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The AICPA’s Eddy Parker Explains the Responsibilities and Specialized Knowledge of the Accredited in Business Valuation (ABV) Credential Holder

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Written by bprescottFebruary 1, 2012
ABV

The American Institute of Certified Public Accountants (AICPA) is the regulatory and certification board for the Accredited in Business Valuation (ABV) credential and provides access to specialized information, education, tools and support for prospective and current ABV credential holders. The Institute supports those with an Accredited in Business Valuation credential to enhance the quality of valuation services CPAs provide, promote and protect member interests with regulators and other third parties, and achieve public recognition for the ABV as the preferred valuation professional. Those who have earned the ABV credential have achieved yet another level of distinction, building on the rigorous education, experience and knowledge exemplified by the CPA. ABV credential holders further differentiate themselves as professionals because they are able to go beyond providing the core service of concluding a businesses’ value to creating value for clients through the strategic application of this analysis. 

The ABV credential is exclusively granted by the AICPA to qualified CPAs. To quality, a new ABV applicant must hold a valid and unrevoked CPA license or certificate issued by a legally constituted state authority, pass the ABV exam and attest to meeting the minimum business experience and education requirements.

Eddy Parker, CPA and Technical Manager, Forensic and Valuation Services, AICPA, recently spoke with AccountingCareersForDummies.com to discuss the responsibilities and specialized knowledge of the ABV certification holder. Mr. Parker also explains how client demand has made business valuation services the fastest growing niche area for CPAs and is based in North Carolina. Below is part one of a four-part interview series with the AICPA.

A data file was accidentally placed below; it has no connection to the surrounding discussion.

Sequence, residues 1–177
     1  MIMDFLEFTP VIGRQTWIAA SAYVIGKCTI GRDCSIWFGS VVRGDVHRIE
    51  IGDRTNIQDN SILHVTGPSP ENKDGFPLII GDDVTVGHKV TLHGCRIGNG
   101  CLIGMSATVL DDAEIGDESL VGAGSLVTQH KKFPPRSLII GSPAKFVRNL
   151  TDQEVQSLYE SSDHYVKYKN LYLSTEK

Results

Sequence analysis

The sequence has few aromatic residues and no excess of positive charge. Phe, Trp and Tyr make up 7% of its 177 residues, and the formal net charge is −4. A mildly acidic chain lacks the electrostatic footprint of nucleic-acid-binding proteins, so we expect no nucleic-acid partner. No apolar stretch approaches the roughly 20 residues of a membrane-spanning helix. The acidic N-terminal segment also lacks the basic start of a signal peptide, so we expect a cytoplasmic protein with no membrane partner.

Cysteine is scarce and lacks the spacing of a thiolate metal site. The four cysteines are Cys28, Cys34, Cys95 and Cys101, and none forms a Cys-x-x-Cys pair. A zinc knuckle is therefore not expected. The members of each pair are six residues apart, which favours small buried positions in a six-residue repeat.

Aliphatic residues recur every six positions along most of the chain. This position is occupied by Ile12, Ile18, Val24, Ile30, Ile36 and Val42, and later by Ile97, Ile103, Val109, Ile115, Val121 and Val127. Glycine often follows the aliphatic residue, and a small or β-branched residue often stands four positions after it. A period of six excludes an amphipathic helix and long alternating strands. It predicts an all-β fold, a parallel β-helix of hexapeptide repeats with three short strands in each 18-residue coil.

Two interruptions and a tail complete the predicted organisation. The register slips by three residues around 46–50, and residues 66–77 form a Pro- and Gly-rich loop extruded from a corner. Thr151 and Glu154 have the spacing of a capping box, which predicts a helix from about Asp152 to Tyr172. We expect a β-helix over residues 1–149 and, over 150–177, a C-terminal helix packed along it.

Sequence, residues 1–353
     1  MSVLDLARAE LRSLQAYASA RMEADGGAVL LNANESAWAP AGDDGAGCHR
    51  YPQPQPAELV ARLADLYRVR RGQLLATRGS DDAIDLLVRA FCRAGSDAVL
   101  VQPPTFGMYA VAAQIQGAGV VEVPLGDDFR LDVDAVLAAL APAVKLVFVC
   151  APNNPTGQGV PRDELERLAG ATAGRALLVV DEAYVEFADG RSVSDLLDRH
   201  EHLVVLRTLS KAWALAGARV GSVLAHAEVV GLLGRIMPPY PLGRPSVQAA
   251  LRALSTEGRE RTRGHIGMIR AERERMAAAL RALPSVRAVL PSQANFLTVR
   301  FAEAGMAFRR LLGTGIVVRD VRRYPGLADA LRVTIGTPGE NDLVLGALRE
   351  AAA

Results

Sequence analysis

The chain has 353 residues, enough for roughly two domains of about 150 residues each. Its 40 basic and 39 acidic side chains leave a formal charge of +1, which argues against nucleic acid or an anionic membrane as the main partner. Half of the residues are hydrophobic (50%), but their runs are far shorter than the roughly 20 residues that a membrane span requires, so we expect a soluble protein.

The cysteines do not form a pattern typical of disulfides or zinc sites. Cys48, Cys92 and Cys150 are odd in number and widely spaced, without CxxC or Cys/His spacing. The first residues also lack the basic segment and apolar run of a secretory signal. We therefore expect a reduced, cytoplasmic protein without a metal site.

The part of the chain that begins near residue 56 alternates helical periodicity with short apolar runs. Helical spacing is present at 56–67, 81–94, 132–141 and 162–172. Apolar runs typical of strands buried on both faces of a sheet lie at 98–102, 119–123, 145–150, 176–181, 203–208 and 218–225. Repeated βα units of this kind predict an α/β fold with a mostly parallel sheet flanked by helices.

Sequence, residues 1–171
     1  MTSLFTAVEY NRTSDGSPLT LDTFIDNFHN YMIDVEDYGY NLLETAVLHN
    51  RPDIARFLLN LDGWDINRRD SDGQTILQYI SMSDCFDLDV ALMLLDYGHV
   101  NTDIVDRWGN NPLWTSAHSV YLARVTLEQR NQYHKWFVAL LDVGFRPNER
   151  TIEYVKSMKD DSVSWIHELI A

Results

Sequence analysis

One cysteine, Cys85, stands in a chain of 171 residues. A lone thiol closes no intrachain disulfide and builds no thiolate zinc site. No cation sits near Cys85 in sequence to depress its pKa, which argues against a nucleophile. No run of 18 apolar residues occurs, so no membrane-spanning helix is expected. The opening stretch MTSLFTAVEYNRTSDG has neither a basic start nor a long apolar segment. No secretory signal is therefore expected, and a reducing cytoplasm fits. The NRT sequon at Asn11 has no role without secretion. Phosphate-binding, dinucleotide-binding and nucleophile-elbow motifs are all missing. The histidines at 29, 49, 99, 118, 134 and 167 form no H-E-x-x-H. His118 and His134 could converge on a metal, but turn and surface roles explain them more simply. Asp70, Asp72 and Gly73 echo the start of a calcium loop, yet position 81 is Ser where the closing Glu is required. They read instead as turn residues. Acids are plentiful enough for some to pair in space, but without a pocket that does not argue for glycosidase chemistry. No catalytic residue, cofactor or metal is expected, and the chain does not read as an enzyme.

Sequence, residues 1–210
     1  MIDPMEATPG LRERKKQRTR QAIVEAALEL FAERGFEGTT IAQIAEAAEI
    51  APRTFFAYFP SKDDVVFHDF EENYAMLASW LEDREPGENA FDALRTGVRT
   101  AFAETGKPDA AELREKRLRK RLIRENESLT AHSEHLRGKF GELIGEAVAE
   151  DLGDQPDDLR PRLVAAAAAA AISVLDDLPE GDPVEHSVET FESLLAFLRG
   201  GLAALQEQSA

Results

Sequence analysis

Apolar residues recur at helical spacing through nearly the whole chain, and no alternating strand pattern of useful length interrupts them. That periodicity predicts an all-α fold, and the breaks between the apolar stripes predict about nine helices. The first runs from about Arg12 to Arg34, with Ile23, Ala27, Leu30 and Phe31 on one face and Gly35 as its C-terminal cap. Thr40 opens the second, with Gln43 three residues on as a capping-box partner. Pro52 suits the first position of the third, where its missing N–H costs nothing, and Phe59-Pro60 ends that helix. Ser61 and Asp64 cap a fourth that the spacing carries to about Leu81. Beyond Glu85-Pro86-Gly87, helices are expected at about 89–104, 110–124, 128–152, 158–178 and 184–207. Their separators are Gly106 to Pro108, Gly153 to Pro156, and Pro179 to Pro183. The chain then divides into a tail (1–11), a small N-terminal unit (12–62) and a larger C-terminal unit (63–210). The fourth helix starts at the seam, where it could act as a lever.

ACFD: When and why was the Accredited in Business Valuation (ABV) credential established?

EP: The first ABV exam was held in 1997, with the first certificates issued in 1998. The credential was established to meet the growing needs of CPAs who were providing valuation services to their clients. As the fastest growing niche area for CPAs, they wanted to distinguish themselves and showcase their expertise to clients and potential clients. Proof of specialized knowledge often takes the form of additional credentials, as seen in other professions, such as medical and dental.

ACFD: What special knowledge does someone have who has earned this credential?

EP: CPAs who have earned the ABV credential understand and are able to apply valuation approaches and methods in accordance with accepted standards. They also apply their professional judgment to apply discounts and premiums to arrive at their conclusion of value.

ACFD: How do those who have earned the ABV credential contribute value in the workplace?

EP: The ABV credential can be earned only by CPAs – a profession that has an established reputation for integrity, objectivity and competence. The powerful combination of these two premier credentials enhances the practitioner’s image as a knowledgeable, credible valuation expert and expands opportunities for referrals from other practitioners, strategic partners, attorneys and clients. CPAs with the ABV credential are uniquely qualified to provide additional value-added analysis on top of the core valuation, such as advising clients on how to improve their balance sheet and operating ratios, which results in increasing the value of the business. 

To maintain the credential, ABVs must obtain at least 60 hours of specialized training every three years. This demonstrates a commitment to continuous learning, increasing their valuation skills, expertise and professional competency.  There are approximately 3,000 ABV credential holders in the U.S.

ACFD: Thank you so much for talking with us today!